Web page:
Gonzalez, D. E.

1995-01-01

358

Cooling Air Inlet and Exit Geometries on Aircraft Engine Installations  

NASA Technical Reports Server (NTRS)

A semispan wing and nacelle of a typical general aviation twin-engine aircraft was tested to evaluate the cooling capability and drag or several nacelle shapes; the nacelle shapes included cooling air inlet and exit variations. The tests were conducted in the Ames Research Center 40 x 80-ft Wind Tunnel. It was found that the cooling air inlet geometry of opposed piston engine installations has a major effect on inlet pressure recovery, but only a minor effect on drag. Exit location showed large effect on drag, especially for those locations on the sides of the nacelle where the suction characteristics were based on interaction with the wing surface pressures.

Katz, Joseph; Corsiglia, Victor R.; Barlow, Philip R.

1982-01-01

359

Analysis of an advanced ducted propeller subsonic inlet  

NASA Technical Reports Server (NTRS)

It is shown that a time marching Navier-Stokes code called PARC can be utilized to provide a reasonable prediction of the flow field within an inlet for an advanced ducted propeller. The code validation was implemented for a nonseparated flow condition associated with the inlet functioning at angles-of-attack of zero and 25 deg. Comparison of the computational results with the test data shows that the PARC code with the propeller face fixed flow properties boundary conditions (BC) provided a better prediction of the inlet surface static pressures than the prediction when the mass flow BC was employed.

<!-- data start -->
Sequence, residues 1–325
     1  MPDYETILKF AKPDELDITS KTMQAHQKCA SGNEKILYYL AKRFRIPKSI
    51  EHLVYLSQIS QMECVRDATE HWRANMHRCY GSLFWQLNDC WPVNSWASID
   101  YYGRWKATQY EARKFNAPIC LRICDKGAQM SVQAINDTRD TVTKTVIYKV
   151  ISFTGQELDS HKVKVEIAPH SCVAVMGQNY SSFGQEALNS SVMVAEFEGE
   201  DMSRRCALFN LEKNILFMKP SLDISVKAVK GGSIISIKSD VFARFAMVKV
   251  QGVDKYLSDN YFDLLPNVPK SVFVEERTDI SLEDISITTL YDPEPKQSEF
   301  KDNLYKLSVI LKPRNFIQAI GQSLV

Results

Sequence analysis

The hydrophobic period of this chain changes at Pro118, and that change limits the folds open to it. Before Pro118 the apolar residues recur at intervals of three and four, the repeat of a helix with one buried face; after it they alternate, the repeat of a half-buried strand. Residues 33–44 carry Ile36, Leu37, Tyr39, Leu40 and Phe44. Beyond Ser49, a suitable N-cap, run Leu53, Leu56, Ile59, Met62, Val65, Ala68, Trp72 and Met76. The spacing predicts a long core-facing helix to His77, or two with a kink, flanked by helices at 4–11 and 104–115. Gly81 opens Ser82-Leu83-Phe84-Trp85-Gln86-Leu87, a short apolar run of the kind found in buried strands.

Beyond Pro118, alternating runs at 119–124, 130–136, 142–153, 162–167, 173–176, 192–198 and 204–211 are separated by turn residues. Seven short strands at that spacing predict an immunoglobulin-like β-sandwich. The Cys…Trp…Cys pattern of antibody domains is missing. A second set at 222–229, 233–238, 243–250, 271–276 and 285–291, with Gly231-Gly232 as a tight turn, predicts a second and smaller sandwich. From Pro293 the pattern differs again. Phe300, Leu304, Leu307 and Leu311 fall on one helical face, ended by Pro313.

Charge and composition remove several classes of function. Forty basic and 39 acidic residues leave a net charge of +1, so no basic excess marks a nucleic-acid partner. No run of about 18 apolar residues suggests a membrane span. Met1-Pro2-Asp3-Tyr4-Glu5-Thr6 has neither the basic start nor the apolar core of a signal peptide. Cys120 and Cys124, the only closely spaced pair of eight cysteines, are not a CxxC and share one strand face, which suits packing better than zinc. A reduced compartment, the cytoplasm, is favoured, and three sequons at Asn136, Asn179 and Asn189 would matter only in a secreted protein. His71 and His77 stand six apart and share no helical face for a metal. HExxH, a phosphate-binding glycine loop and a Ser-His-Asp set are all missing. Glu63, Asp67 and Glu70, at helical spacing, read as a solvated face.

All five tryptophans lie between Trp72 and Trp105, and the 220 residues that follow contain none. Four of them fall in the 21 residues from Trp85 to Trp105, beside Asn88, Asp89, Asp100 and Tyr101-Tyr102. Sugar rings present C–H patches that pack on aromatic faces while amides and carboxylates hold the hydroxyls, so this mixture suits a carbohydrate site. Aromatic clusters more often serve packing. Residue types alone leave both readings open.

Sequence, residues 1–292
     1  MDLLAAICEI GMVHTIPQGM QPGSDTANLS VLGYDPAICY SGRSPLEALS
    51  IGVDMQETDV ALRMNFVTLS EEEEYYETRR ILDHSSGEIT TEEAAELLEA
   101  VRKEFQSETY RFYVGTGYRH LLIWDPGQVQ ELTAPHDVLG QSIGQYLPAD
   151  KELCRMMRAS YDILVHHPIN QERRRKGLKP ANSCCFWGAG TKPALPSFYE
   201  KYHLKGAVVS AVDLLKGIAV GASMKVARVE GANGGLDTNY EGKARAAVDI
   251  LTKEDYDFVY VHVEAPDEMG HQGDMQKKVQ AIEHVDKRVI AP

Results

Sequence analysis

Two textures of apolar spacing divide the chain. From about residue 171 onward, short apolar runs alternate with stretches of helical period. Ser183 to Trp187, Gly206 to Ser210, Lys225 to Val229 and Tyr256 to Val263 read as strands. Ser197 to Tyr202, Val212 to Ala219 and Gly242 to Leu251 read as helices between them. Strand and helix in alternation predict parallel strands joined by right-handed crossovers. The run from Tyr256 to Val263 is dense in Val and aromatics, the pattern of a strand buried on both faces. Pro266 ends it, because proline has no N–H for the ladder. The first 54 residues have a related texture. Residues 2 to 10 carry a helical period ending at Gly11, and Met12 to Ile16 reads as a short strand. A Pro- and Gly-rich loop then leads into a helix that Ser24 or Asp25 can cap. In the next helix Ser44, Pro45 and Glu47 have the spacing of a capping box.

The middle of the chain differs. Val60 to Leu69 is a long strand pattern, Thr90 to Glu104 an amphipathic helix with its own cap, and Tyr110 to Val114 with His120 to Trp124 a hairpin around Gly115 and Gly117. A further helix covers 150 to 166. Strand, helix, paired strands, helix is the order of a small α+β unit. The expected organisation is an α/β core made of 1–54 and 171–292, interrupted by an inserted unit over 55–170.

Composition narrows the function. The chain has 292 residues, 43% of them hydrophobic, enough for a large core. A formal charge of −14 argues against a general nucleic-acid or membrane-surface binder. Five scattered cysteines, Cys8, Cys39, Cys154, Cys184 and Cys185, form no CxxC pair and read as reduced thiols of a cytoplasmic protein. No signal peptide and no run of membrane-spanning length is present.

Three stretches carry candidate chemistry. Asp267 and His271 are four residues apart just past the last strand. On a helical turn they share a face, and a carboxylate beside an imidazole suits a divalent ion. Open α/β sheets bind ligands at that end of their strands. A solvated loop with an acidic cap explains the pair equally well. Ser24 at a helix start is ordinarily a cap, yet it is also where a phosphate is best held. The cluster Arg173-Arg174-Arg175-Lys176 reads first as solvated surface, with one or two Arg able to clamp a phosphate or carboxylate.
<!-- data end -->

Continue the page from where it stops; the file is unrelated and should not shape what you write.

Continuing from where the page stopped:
Iek, Chanthy; Boldman, Donald R.; Ibrahim, Mounir

1992-01-01

360

Variable geometry inlet design for scram jet engine  

NASA Technical Reports Server (NTRS)

The present invention relates to an improved variable geometry inlet for a scram jet engine having at least one combustor module. The variable geometry inlet comprises each combustor module having two sidewalls. Each of the sidewalls has a central portion with a thickness and a tapered profile forward of the central portion. The tapered profile terminates in a sharp leading edge. The variable geometry inlet further comprises each module having a lower wall and a movable cowl flap positioned forward of the lower wall. The movable cowl flap has a leading edge and the leading edges of the sidewalls intersect the leading edge of the cowl flap.

Guinan, Daniel P. (Inventor); Drake, Alan (Inventor); Andreadis, Dean (Inventor); Beckel, Stephen A. (Inventor)

2005-01-01

361

Numerical simulation of three-dimensional supersonic inlet flow fields  

NASA Technical Reports Server (NTRS)

Supersonic inlet flows with mixed external-internal compressions of an axisymmetric inlet model were computed using a combined implicit-explicit (Beam-Warming-Steger/MacCormack) method for solving the three-dimensional unsteady, compressible Navier-Stokes equations in conservation form. Numerical calculations were made of various flows typically found in supersonic inlets such as shock-wave intersections, flow spillage around the cowl lip, shock-wave/boundary-layer interactions, control of shock-induced flow separation by means of boundary layer bleed, internal normal (terminal) shocks, and the effects of flow incidence. Computed results were compared with available wind tunnel data.

Kawamura, T.; Chyu, W. J.; Bencze, D. P.